The council's decision not to move ahead creates a setback for a movement that began last summer and that has attracted support from hundreds of students and from various former civic and education leaders, including Terry Godfrey and Dana Tom, past presidents of the Palo Alto Unified School District Board of Education and member of the Vote16 Palo Alto advisory committee. Owens said the group had initially planned to place the issue on the ballot by collecting signatures, though that effort was derailed by the COVID-19 pandemic and the shelter-in-place orders that prohibited large gatherings. The group did not want to place anyone's health in danger, she said.

Given the pandemic, Vote16 Palo Alto members decided that the best way to get the issue to the voters was through the City Council. Godfrey was among the speakers who urged the council to place the item on the ballot.

"Building lifelong voters is a goal for all of us and this is the time to strike, while the iron is hot," Godfrey told the council on June 23.

Any proposal to lower the voting age would undoubtedly encounter opposition. San Francisco's initial bid to lower the voting age to 16 for municipal elections fell short in 2016, with only 48% of the voters supporting it. While no one spoke out against the Vote16 Palo Alto at recent meetings, the effort encountered some pushback last year, with one school board member saying she was concerned about students feeling pressured by teachers to vote for a particular candidate or policy.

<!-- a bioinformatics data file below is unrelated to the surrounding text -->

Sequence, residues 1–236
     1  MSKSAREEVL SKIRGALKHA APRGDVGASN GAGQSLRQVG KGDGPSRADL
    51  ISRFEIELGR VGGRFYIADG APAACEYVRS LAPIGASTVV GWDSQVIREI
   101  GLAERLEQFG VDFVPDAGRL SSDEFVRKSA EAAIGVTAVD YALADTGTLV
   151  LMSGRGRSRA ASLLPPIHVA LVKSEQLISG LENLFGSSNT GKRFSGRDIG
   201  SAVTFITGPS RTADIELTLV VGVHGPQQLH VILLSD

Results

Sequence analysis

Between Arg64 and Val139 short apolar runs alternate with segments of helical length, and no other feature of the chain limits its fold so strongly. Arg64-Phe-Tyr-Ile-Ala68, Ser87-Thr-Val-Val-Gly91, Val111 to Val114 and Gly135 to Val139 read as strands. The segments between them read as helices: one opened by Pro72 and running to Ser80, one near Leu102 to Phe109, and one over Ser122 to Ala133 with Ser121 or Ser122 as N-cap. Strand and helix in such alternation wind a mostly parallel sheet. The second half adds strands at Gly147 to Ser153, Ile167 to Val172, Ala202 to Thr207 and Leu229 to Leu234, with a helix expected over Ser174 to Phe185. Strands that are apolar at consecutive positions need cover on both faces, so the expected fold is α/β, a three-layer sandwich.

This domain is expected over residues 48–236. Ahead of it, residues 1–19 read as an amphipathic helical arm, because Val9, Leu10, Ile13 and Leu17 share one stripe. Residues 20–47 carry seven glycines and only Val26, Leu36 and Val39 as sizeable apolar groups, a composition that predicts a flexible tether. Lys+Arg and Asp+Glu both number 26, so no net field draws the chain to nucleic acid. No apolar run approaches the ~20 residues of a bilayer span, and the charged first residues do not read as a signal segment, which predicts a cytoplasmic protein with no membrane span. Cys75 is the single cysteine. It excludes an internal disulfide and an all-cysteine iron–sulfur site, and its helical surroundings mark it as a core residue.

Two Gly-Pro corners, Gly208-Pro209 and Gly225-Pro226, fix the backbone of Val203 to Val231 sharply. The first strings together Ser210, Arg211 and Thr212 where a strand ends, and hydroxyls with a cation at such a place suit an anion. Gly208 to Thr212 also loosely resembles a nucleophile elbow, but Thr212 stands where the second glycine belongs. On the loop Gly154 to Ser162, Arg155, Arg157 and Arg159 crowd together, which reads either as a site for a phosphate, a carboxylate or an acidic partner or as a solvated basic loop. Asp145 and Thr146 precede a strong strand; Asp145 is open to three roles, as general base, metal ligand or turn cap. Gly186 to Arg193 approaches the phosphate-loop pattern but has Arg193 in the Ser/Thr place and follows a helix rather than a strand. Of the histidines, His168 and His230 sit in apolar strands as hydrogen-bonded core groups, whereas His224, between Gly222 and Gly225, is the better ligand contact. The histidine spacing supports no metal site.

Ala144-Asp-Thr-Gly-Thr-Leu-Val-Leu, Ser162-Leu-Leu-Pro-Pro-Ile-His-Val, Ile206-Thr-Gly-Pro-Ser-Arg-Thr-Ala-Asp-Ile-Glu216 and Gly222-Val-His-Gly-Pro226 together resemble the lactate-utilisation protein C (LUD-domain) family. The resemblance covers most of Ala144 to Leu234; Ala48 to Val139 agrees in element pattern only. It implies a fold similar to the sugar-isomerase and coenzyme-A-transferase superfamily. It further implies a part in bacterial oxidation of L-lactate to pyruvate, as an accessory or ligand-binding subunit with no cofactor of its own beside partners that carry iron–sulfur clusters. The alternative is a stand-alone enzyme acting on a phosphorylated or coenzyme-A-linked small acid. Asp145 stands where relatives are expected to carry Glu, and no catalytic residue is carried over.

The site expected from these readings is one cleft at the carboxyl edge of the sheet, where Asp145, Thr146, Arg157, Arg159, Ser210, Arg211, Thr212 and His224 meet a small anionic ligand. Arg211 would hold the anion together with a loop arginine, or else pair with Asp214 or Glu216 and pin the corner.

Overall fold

There are also questions about the actual implementation, given that 16- and 17-year-old voters would need special ballots. While the council hasn't taken any positions on the issue, its failure to entertain a discussion suggests a lack of enthusiasm by elected leaders for pursuing the effort this year.

The group is hoping to change that. Miranda Li, founder of Vote16 Palo Alto, said members thought it would be particularly suitable to bring the item to the voters this fall, given the increase in youth engagement, as evidenced by recent demonstrations.